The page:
The age of social media: could you give it up?

More of us are using it more often than ever - but is it good for us?

Rory Tingle
Thursday 01 January 2015 10:00 GMT
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Chocolate, booze, smoking, laziness… these are all popular things to give up for New Year. But what about a new one – ditching social media?

More people are interacting with each other online than ever before. The number of Facebook users worldwide has doubled between 2010 and 2013, from 608 million to 1,230 million, while Twitter has 284 million monthly users. Britain is at the vanguard, with the second highest social media use in Europe.

A report by Ofcom, the broadcasting regulator, found that two thirds of adults who are online have a social networking profile. According to a survey for online bank First Direct, a third of British users of Facebook are on the network for at least an hour a day, with 12 per cent spending at least two hours on the site. For Twitter users, 31 per cent spend more than an hour on the platform, while 14 per cent – more than 3.6 million people – say their daily usage exceeds two hours.

But what are the psychological impacts of all this? An internet poll by Pencourage, an online diary site, found that two-thirds of web users distort the truth on their online profiles to fit a particular image of themselves, which three out of 10 admitted they could not live up to in real life. This causes a feeling of guilt, and can even lead to memories of events being compromised.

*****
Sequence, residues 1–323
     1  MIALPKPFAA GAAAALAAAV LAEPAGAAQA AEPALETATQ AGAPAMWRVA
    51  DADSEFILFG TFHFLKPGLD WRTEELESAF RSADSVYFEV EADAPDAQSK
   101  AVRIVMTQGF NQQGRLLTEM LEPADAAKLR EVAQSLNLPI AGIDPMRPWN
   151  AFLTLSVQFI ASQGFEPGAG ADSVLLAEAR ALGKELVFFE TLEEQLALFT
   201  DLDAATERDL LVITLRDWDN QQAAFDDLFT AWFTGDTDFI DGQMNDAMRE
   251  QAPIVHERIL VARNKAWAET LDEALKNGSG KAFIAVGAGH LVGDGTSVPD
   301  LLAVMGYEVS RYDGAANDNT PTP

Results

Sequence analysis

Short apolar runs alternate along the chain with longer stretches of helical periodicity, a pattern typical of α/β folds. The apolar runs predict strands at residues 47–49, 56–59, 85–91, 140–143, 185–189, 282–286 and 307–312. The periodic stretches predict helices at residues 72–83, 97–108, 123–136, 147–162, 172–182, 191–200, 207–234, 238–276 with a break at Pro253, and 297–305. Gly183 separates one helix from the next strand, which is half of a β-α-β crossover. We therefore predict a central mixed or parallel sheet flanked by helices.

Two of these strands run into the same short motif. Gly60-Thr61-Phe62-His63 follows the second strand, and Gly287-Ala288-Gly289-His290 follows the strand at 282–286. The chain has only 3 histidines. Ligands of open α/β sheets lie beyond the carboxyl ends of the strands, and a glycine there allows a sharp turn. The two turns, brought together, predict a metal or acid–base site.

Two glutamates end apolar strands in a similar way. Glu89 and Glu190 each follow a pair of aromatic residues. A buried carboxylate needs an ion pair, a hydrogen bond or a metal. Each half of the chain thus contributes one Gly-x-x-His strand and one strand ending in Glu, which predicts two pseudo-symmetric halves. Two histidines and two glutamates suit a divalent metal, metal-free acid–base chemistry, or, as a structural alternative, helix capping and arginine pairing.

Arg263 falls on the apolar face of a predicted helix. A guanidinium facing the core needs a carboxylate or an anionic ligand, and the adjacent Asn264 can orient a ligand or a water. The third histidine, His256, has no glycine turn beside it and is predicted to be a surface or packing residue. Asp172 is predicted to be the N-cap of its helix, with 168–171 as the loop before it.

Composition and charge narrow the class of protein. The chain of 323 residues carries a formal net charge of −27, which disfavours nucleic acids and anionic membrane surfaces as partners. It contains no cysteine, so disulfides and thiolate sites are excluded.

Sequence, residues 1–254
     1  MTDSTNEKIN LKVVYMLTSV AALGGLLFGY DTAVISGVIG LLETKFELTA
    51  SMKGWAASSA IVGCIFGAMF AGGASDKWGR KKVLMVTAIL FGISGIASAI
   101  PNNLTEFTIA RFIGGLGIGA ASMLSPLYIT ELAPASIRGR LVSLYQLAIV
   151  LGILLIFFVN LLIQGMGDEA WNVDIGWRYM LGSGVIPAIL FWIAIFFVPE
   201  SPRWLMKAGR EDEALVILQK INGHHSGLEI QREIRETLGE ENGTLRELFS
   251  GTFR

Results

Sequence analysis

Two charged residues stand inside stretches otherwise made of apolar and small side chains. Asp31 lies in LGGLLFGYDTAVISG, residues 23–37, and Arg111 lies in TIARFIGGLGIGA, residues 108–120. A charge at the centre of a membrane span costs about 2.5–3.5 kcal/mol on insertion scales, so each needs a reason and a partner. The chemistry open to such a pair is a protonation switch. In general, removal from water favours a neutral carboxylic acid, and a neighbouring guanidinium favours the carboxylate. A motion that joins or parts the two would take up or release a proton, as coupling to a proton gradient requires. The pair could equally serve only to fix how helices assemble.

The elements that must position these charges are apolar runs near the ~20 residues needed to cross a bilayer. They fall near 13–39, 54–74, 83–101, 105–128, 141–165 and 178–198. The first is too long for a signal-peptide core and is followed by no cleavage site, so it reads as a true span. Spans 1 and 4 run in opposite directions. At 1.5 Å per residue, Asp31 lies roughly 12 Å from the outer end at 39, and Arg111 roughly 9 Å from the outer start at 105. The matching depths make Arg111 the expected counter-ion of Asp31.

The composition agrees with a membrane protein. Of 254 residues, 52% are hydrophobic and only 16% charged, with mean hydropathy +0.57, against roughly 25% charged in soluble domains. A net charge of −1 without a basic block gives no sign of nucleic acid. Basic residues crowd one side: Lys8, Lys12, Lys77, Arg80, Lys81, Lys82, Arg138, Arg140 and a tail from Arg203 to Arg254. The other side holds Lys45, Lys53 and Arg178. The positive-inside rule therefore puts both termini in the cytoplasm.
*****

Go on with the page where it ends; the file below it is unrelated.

Dr Aric Sigman, a specialist on the impact of screen time on children, said that experts were increasingly aware of the psychological impact of social media across all age groups, but especially in young people. “There is a thing called ‘Facebook Depression’,” he said. “This was reported by the American Academy of Paediatrics, which found that when young people spend too much time on social media sites they begin to show classic symptoms of depression.

“People see that their friends all have six packs, or always look skinny and happy,” he explained. “Or, if I see that you have 500 friends and I just have two – my mother and gran, and my gran has just defriended me – I am going to think you are a winner and I am a loser.”

He made it clear that he is not opposed to social media in principle, but only concerned about its excessive use. He thinks children should not engage in more than two hours of “discretionary screen time” – use for leisure not work – per day. “A fridge is a great piece of technology, but if you use it too much you will get obesity and diabetes – it is the same with social media,” he explained. “There is a ‘dose-response’ relationship, with more hours per day linked to a greater likelihood that negative effects will appear.”

The impact of social media on young people was also examined in a study released by Cancer Research UK, promoting its annual ‘Dryathalon’, which encourages people to abstain from alcohol for a month. It found that one in six 18-34 year olds felt pressured to celebrate New Year’s Eve to look sociable on social media to their peers. This is despite an overwhelming majority of nearly 90 per cent of Brits admitting that they would prefer to stay in on the night or go to a house party.